'This Is Us' Star Discusses Midseason Finale Reveal and William's Series Future

"William is at the point now where he’s comfortable enough with Randall to expose him to it," Ron Cephas Jones tells THR about Tuesday's episode.
Ron Batzdorff/NBC

[Warning: This story contains spoilers from Tuesday's midseason finale of This Is Us, "Last Christmas."]

If audiences were expecting This Is Us’s midseason finale to wrap up with a neat and tidy little bow, they had another thing coming. Tuesday's episode ended with a giant cliff-hanger as Toby (Chris Sullivan) lay on the operating table.

Toby's fate wasn’t the only cliff-hanger of the evening. William (Ron Cephas Jones) also reconnected with his former partner Jessie (Denis O’Hare) when they ran into each other at a meeting, revealing a new twist in that character’s sexuality. A bisexual character was something no one saw coming, especially Randall (Sterling K. Brown), who is still just getting to know his biological father.

THR caught up with Cephas Jones to dig a little deeper into the reveal and find out what kind of impact it will have on the characters when the show returns in January. Here, he also discusses working with O’Hare, William’s limited timeline and whether he could become the next Jack (Milo Ventimiglia) in terms of flashbacks.

When did you know about William’s sexuality?

I found out maybe two episodes before; [creator] Dan [Fogelman] pulled me aside at one of the cast readings and asked me how I felt about it. I didn’t quite know what was written at the time, but I thought it was a brilliant idea. I knew he would do it in such an intense and delicate way that I didn’t think about it much after that until I got the script. And then I just played it along with the way William is. I had maybe two episodes to put it in my psyche.

Did you or Dan have any conversations with GLAAD in telling the story?

Not to my knowledge, but I’m not sure about Dan. It came from the writers. I don’t have any power of it at that point. Once it’s established, my job as an actor is to make it work and make it play. I don’t see why there would have been any conversations unless Dan had some connections with that or had taken the story to a certain place with it yet. But I don’t know that yet because we haven’t gotten any further with that storyline.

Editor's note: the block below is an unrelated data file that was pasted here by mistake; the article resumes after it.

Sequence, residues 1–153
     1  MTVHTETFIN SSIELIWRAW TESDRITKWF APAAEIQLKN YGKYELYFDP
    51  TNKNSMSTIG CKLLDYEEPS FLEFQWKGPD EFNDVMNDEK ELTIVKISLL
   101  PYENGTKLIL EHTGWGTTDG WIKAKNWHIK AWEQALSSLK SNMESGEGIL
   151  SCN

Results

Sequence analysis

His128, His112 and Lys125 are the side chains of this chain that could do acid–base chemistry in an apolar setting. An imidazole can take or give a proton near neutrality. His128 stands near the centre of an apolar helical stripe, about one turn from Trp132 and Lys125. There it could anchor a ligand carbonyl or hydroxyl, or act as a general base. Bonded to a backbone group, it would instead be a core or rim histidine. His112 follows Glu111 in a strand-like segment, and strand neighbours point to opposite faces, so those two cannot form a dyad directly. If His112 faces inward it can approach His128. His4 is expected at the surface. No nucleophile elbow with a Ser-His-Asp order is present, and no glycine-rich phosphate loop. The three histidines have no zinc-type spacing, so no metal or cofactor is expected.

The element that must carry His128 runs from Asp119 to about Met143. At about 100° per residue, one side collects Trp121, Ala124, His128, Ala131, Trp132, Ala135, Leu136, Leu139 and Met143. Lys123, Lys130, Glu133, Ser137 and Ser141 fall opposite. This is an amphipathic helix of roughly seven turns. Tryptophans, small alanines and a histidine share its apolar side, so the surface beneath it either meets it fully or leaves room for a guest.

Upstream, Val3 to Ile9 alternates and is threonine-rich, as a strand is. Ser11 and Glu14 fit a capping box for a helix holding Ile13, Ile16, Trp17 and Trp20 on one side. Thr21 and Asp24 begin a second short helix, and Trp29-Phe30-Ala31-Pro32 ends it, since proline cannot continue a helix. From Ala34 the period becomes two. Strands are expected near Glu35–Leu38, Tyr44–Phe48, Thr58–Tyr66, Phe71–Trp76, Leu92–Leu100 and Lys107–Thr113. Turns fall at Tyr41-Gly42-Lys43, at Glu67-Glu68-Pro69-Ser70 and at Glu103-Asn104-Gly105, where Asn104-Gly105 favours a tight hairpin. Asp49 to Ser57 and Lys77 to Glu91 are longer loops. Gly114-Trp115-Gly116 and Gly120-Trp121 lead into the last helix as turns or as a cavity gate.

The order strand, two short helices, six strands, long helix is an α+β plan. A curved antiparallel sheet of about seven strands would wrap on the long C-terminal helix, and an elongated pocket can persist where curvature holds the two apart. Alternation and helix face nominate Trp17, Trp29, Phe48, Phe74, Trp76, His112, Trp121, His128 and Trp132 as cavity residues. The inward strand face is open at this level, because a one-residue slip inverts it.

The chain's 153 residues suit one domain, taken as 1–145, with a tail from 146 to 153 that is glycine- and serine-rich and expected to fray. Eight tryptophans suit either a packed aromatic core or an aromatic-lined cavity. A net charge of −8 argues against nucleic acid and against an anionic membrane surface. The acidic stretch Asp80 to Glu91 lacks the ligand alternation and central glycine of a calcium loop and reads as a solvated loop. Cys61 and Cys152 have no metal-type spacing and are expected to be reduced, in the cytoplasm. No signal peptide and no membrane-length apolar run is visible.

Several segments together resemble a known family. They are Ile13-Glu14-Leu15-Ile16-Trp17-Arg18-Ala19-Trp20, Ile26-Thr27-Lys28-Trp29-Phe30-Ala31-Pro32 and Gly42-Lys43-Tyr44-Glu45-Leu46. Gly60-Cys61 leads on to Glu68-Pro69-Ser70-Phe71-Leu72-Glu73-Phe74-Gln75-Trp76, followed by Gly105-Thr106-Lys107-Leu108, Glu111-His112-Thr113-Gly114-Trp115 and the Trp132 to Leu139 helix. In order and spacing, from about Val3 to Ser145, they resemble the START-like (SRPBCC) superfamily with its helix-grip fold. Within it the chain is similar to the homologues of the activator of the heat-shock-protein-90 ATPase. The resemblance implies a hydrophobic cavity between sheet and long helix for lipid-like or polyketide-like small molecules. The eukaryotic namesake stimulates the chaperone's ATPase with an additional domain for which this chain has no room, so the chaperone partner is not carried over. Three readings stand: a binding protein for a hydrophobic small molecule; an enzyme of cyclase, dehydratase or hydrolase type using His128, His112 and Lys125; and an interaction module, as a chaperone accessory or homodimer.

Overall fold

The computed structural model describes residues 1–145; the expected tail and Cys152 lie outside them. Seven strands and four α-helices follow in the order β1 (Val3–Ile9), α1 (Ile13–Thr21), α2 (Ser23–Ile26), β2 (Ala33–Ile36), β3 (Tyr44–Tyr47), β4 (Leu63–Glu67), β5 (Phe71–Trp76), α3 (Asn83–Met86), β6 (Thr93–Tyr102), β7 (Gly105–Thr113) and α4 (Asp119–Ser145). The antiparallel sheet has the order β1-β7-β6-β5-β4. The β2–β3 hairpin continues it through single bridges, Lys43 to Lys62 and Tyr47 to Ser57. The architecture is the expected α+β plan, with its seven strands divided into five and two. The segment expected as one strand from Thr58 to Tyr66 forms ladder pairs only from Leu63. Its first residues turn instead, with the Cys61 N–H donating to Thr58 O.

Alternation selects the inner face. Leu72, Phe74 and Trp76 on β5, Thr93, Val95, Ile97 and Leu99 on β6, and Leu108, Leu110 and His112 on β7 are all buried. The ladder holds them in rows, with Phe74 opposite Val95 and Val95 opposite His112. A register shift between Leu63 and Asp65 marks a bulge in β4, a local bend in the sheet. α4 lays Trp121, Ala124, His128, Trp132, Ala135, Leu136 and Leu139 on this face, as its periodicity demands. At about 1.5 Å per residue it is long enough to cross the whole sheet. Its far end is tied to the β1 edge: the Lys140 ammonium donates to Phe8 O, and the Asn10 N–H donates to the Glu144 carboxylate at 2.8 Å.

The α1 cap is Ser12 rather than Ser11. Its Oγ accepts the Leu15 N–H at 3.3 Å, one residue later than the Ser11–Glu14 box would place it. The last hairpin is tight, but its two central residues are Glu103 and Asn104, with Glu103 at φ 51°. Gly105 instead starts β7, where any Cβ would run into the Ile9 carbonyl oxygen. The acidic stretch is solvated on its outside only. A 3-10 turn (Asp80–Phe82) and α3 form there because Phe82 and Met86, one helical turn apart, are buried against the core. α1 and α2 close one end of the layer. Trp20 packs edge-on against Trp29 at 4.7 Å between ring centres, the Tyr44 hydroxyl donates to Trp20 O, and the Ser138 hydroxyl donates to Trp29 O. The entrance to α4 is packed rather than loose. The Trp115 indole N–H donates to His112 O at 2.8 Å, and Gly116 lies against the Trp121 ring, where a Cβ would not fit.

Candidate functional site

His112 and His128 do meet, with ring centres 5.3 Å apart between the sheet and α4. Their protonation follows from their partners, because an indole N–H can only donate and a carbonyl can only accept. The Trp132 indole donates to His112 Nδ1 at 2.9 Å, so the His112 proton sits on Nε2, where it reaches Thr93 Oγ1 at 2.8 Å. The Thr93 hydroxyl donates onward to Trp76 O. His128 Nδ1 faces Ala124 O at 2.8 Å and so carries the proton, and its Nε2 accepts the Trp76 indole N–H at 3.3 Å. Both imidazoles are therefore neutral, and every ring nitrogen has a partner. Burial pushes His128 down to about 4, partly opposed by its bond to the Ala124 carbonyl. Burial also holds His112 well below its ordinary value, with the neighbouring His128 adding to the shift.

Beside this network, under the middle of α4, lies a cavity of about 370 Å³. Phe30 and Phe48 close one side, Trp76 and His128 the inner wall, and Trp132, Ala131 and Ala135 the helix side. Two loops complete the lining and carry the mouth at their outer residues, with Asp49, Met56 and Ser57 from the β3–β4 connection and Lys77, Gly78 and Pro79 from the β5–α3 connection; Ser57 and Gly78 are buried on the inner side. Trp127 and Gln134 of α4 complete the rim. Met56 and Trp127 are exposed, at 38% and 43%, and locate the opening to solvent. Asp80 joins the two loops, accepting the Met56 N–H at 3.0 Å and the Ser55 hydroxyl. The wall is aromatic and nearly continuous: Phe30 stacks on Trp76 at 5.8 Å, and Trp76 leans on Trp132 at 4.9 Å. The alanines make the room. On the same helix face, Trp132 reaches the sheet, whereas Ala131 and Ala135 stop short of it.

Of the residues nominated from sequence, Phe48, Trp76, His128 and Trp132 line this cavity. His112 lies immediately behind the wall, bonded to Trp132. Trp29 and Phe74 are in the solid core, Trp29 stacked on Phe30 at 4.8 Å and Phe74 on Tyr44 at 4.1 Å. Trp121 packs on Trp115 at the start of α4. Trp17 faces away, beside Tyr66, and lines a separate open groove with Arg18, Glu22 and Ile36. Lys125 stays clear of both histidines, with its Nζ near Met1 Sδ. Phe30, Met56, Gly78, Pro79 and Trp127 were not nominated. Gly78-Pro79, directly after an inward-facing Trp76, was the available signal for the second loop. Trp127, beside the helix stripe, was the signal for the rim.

Is this an important story for you to tell?

Oh absolutely. Not only as a social character, but as an actor. One of the joys and excitement in being able to book this role was when I read the pilot, it just felt like there was something special about it. This is my first time playing a television character that actually has a throughline. I’ve done recurring roles, but this is my first where I’m a lead in an ensemble. It was a wonderful thing to get as an actor and also to have this kind of character portrayed on network television is very important. Especially since it’s so connected to the story, to human emotions. It opens up a lot of good things as far as cancer research, the gay-lesbian-bi-transexual community, older people, family. It just opened up another avenue for me to put into the pot of jambalaya that is William.

Will this be a later-in-life coming-out storyline moving forward?

As far as I know. That’s the other question mark that my character has — they don’t give that away for me. I don’t know what’s going to happen in regards to his cancer and what’s going to happen with this. That’s the other thing I play as an actor. Every time I come on set, not only do I not know as a character but I don’t know as an actor, which helps me play the unknown as a character. Each time I go on, I play it as though it’s the last episode of my life. That’s the big question; at this point the character is becoming so beloved, no one wants him to die. But there’s also the idea, the way the show is written, there are so many stories in the flashbacks. So that’s an idea I can put out. Whatever you might think, the character could still survive based on flashbacks. Sort of like what they’re doing in the first story with Milo Ventimiglia and Mandy Moore.

So you could see William being the next Jack in terms of flashbacks?

That’s right. That’s a big possibility. There’s so much of his life in the prior that people are curious about: How did he become addicted, what did he do between those years, was he a musician, was he a painter, was he a writer? How did he survive, when did he meet the girl? There’s a lot of life. That’s why you see the flashbacks already of him as a younger man. So that story could get picked up in season two if for some reason William dies in season one.

What kinds of conversations have you and Denis had about playing this storyline together?